In what its CEO calls "the most difficult time in the history of the home building industry," M/I Homes reported on Thursday that it lost $58.7 million in the three months ended Sept. 30. Its quarterly revenue, $160.4 million, was 31.2% below the same period a year ago, when the builder reported a net loss of $16.8 million.

Through the first nine months of its fiscal year, the Columbus, Ohio-based M/I lost just under $175 million on sales that fell 29.5% to $457.5 million.

Bob Schottenstein, M/I's president and CEO, used a teleconference on Thursday afternoon not only to convey his company's financial performance but also to lend his voice to the growing number of home building executives who have been urging Congress to pass legislation to help revive housing demand through what Schottenstein called "meaningful" tax credits for all home buyers, as well as interest-rate buydowns. "We're in an unusually severe situation right now," said Schottenstein. He added, though, that such measures should be "short term," until home prices stabilize. When that will happen, though, is anyone's guess, he conceded.

Schottenstein painted a bleak picture of market conditions that "continue to be very challenging." In its latest quarter, M/I's new contracts were down 16.5% to 456 homes, and its deliveries fell 27.4% to 555. Its backlog plummeted by nearly 47% to 781 homes, and the value of that backlog receded 55.9% to $212 million as the average sales price for its homes fell back 16.8% to $272,000.

"Demand is weak. Consumer confidence is at or near a historical low. Unemployment is rising, and tightened mortgage lending standards, combined with the unprecedented turmoil in the financial markets, have further contributed to very difficult conditions for home builders," he said. "We remain in a primarily defensive operating mode—focusing on generating cash, reducing debt levels and expenses—and we have made considerable progress on a number of fronts."

The latest quarter was M/I's eighth consecutive reporting session during which it had positive cash flow. It reduced its debt, which at the beginning of 2007 was $410 million, to zero. Its debt-to-capital ratio during that period shrank to 32% from 44% from 2007. And the company will receive a tax refund of nearly $40 million for losses against previous years' earnings.

M/I continues to look for ways to pare its operations and assets. It workforce, at 590 employees, was down 35% from a year ago, and company officials anticipate more overhead reductions in the coming months. The builder lowered its lot count by 43% to 9,530 and reduced its community count by 13% to 138 from the third quarter of 2007. Phillip Creek, M/I's CFO, mentioned in passing that M/I would like to get its lot count down to 6,000 eventually. Between one-third and one-half of its communities' sales in the quarter were specs, said Creek, and M/I reduced its spec inventory by $11 million in the quarter. It now has 4,000 unsold finished homes for sale.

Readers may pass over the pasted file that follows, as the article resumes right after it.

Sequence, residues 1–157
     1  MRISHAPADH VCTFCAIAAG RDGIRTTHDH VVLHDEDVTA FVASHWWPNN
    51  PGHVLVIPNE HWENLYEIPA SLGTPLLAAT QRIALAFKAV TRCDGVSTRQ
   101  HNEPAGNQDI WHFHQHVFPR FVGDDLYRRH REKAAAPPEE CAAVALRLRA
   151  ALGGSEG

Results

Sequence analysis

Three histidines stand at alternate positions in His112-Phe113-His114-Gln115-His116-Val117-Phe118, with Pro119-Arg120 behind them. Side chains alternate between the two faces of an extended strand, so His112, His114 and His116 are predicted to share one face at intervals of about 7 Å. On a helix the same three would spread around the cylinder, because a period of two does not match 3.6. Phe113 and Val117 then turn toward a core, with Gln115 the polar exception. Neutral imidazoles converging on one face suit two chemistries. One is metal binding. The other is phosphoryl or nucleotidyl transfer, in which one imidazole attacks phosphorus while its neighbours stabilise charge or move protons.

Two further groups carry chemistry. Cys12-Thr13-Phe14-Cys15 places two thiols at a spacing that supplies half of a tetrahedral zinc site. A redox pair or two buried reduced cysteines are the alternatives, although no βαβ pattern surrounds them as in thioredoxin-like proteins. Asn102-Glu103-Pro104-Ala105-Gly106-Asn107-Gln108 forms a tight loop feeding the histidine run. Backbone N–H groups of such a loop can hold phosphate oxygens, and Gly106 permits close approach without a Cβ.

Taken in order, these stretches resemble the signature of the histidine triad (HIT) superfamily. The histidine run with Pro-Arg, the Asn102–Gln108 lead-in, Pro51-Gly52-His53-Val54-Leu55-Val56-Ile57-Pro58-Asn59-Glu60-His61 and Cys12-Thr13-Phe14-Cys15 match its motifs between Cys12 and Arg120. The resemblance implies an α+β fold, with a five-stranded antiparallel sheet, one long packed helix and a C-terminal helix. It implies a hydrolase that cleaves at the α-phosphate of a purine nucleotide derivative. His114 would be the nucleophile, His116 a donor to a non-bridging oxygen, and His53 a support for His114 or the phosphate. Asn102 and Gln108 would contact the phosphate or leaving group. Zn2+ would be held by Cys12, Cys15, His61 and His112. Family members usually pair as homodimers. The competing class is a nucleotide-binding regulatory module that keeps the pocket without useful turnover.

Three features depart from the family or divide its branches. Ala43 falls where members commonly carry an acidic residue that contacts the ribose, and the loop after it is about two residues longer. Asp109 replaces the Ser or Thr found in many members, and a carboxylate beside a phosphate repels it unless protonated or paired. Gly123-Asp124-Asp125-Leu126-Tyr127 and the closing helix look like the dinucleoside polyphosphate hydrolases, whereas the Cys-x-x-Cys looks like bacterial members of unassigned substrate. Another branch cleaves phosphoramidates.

M/I took $43.5 million in impairment charges during its latest quarter, $27.8 million of which were for land it's building homes on and $11.7 million for land it has sold or intends to sell. (In the last nine quarters, M/I recorded $383 million in impairment charges.) Half of the builder's impairments in its latest quarter were for assets in the Midwest, where M/I continues to offer incentives and promotions to reluctant buyers. However, the company's Columbus market reported its first positive sales increase in 15 quarters. M/I also had its debut in Chicago during the quarter.

"Columbus, Indianapolis, and Cincinnati have been under siege since 2005, and I'd like to think we're incentived out in those markets," said Schottenstein. He noted during the teleconference that he drove through the company's 14 communities in Columbus the day before and didn't see evidence of encroachment from foreclosures. "I know it's there, but it's hard to determine the exact impact of foreclosures on day-to-day sales," he observed.

The builder's Florida communities saw their new contracts fall by more than 30% during the quarter and their closings decline by 40%. And its division in the Washington, D.C. market experienced a 50% dropoff in quarterly sales. A bright spot has been North Carolina, where M/I's new contracts in Raleigh doubled over the same quarter a year ago.

John Caulfield is a senior editor at BUILDER magazine.

Learn more about markets featured in this article: Columbus, OH.